• Jiayang Fan, By the Album

    The first “By the Album” Q&A I did was with Ian Rankin, a crime writer who plays in a band on the side, regularly works music into his novels, and when I interviewed him, was about to come to Southern California to do a book talk in San Diego and a Los Angeles Review of Books cocktails-with-the-author event in Silver Lake. It seemed only natural to follow that one up with an interview with Lisa Brackmann. Not only is she another crime writer who plays in a band but she was also set to moderate Rankin’s San Diego bookstore appearance. So far, so logical, but why turn next to Jiayang Fan, who is neither a crime novelist nor, at least as far as I know, someone who moonlights singing or playing an instrument? Well, like Rankin earlier this year, she’s about to come to Southern California to do events, in her case to give a public talk for UC Irvine’s Long US-China Institute and also conduct a Master Class for UCI’s Literary Journalism Program (both free and open to the public). Like Brackmann, Fan has not only physically moved between China and the United States a lot during her life, but also toggles between the two settings in her writing. Last but far from least, several of her most interesting contributions to the New Yorker, from a lively look at a Chinese “boy band” made up of girls to a wonderful recent profile of Canto-pop singer Denise Ho, have dealt with music.


    JEFFREY WASSERSTROM: In part because I was so impressed by the way she was handling the political issues you describe in your profile of her, a few years ago Denise Ho — someone I’ve co-written a piece about but never met — joined my personal list of the three musicians I’d most like to have at a dinner party. Who are the three you’d invite?

    JIAYANG FAN: Beethoven, Yo-Yo Ma, Harry Styles.

    Which if any of the solo musicians or groups you’ve written about — and I should mention that a list of them includes, along with those already mentioned, the actress and also rapper Awkwafina, Justin Bieber, and Peng Liyuan, the singer who is married to Xi Jinping — are ones whose songs you listen to for enjoyment rather than research?

    All of the above, in different periods of my life. Peng was more through the loudspeakers in the army compound where I grew up, so it’s hard to distinguish between when I started liking it and when I was resigned to it as a condition of existence.

    Is there any genre of music you feel you really should like, but you just don’t?

    Jazz! I think I’m too ignorant and impatient or maybe both. It’s not that I dislike it but I’m just more indifferent than I think is appropriate.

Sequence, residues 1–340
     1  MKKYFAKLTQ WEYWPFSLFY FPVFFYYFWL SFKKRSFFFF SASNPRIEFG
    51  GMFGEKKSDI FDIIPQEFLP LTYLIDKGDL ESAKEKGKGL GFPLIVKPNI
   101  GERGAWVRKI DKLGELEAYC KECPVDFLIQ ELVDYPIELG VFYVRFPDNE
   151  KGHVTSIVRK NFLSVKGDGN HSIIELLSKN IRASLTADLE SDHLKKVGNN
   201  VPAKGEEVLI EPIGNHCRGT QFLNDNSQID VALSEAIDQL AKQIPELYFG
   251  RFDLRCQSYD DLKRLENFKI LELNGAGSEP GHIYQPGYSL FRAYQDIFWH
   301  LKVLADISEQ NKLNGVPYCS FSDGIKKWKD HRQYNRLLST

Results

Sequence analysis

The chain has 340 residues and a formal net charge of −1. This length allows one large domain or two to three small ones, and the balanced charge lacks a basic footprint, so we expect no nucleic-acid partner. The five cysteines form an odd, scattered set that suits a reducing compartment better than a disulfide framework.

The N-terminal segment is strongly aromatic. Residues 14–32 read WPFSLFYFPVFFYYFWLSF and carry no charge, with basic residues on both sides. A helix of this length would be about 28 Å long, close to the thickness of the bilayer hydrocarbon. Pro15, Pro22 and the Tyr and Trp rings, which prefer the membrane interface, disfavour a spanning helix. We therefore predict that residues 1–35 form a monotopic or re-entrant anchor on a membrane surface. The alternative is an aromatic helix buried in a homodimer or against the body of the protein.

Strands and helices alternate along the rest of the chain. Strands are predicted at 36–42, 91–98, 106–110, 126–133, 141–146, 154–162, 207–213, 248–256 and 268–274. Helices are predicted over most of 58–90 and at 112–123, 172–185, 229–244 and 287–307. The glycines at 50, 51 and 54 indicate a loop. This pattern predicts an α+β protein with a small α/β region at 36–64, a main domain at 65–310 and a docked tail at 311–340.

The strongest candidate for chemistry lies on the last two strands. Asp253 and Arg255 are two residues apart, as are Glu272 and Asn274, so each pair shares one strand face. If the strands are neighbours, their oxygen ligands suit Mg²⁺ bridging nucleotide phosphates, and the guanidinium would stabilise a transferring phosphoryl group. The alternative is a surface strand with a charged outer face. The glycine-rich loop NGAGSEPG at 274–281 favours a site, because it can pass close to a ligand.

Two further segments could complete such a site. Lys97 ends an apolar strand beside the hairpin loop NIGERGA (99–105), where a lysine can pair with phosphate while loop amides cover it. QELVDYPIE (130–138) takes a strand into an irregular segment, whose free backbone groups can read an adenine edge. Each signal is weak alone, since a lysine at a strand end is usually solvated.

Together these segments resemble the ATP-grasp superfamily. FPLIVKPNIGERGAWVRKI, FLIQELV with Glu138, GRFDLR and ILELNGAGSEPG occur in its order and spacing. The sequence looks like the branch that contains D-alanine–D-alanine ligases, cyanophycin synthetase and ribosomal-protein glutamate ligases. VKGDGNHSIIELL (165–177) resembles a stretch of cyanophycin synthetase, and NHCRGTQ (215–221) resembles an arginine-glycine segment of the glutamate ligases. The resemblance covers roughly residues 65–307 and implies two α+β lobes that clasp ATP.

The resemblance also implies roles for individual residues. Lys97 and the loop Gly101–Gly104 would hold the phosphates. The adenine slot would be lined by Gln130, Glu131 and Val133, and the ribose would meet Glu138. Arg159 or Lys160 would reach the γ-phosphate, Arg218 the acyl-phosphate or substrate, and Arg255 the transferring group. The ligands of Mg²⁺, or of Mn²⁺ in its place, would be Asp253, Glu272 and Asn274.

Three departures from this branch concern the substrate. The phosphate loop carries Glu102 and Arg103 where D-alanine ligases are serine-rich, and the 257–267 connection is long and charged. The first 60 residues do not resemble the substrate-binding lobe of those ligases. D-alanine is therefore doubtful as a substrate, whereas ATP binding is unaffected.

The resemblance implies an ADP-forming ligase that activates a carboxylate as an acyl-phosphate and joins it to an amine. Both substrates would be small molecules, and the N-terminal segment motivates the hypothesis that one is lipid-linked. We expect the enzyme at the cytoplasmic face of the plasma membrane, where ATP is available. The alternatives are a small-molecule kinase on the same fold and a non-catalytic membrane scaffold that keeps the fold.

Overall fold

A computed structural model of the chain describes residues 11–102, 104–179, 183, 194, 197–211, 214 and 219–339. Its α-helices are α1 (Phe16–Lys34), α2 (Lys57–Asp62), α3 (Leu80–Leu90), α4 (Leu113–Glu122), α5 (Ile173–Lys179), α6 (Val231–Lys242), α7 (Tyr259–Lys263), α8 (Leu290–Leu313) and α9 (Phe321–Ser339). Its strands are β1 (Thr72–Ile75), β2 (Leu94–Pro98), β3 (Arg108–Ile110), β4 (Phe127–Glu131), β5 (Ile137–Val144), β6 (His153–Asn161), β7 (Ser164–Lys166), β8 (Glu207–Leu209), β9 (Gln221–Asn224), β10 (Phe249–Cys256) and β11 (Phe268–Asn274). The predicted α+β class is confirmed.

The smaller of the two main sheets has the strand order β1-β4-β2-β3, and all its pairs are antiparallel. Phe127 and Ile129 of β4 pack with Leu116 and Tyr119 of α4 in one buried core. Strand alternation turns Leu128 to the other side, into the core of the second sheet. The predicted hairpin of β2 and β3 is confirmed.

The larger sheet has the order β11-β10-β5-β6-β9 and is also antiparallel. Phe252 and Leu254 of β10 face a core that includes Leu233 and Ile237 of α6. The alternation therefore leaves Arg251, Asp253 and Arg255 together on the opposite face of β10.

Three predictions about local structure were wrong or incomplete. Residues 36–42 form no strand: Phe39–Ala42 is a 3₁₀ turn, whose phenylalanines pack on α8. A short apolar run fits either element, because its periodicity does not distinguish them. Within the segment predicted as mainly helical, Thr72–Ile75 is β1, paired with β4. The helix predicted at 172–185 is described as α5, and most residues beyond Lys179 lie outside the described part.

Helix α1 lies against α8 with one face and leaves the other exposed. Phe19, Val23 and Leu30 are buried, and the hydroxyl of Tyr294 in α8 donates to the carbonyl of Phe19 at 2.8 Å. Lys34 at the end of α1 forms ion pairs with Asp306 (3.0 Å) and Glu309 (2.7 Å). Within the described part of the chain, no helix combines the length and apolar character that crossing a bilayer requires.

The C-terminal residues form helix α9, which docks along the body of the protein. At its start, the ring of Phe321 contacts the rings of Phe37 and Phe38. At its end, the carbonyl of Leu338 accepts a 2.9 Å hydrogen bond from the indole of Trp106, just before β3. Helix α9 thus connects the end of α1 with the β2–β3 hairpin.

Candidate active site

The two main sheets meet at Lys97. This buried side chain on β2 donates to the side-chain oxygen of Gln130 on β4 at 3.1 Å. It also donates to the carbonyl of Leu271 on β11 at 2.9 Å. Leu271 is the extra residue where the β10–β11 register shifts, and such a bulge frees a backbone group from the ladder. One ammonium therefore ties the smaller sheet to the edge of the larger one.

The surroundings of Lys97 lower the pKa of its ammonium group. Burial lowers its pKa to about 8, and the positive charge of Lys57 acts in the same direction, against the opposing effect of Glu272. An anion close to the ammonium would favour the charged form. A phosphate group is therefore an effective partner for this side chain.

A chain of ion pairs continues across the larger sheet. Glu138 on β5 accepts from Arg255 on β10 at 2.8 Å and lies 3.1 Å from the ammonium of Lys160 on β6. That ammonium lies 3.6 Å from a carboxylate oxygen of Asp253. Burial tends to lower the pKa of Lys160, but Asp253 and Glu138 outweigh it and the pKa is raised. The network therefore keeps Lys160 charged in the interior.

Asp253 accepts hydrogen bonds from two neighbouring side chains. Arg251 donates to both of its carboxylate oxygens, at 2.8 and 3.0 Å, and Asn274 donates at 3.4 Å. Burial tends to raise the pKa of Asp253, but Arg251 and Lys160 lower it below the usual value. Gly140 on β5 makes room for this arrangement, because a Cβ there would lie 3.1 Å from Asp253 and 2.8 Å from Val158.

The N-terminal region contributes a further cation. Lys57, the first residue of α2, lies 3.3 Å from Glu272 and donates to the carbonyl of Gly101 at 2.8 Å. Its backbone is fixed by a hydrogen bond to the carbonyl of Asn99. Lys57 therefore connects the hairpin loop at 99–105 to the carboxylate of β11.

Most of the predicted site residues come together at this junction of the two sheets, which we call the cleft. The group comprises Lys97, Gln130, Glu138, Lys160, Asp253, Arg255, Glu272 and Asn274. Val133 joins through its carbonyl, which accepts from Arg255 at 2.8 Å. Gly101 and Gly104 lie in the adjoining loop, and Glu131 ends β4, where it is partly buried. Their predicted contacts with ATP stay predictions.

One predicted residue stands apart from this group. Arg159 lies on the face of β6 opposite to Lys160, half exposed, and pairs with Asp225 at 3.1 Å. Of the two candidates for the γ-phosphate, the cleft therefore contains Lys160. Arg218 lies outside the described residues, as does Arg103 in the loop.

Can you remember the first music from the West you heard in China as a child, or the first imported song that made a real impression on you?

    When my mother sang Happy Birthday to me in English when I was five or six (not even sure it’s Western in origins?) but she sang it in English and I couldn’t understand how her tongue did that and it felt like magic.

    What was the most unexpected musical experience you have ever had during one of your return trips to China? Or the most unexpected time you’ve encountered Chinese music in the US?

    In the underground subway stations when old Chinese men play er-hu, an ancient melancholy Chinese instrument. Every single time, something in me wells up in the most unexpected way and I can’t explain it.

    All sorts of curious things can happen when holiday traditions flow from China to the West or the West to China. Alec Ash, one of the China Channel’s two Executive Editors, recently gave some non-music-related examples of this in a piece on youth culture that went up on that LARB partner site. Any chance you have a theory on the much discussed topic — albeit only among those obsessed with the PRC and global cultural flows — of why Santa Claus is so often portrayed in China playing the saxophone?

    Oh my god, I was not aware of such a development. Down the Wiki rabbithole I go tonight!

    Okay, the lightning round. Backstreet Boys or Indigo Girls?

    Backstreet Boys (nostalgia for the ’90s teenybopper in me).

    Freddy Lim or Freddie Mercury?

    I had to Google Freddy Lim just now and last week I confessed to my editor that I didn’t know who Queen was until I interviewed Denise Ho.

    Elvis, Presley or Costello?


    Opera, Peking or Puccini?

    One after the other with no intermission.

    Keith or Mick?

    They resemble interchangeable pirates to me, so I’m gonna have to go with neither.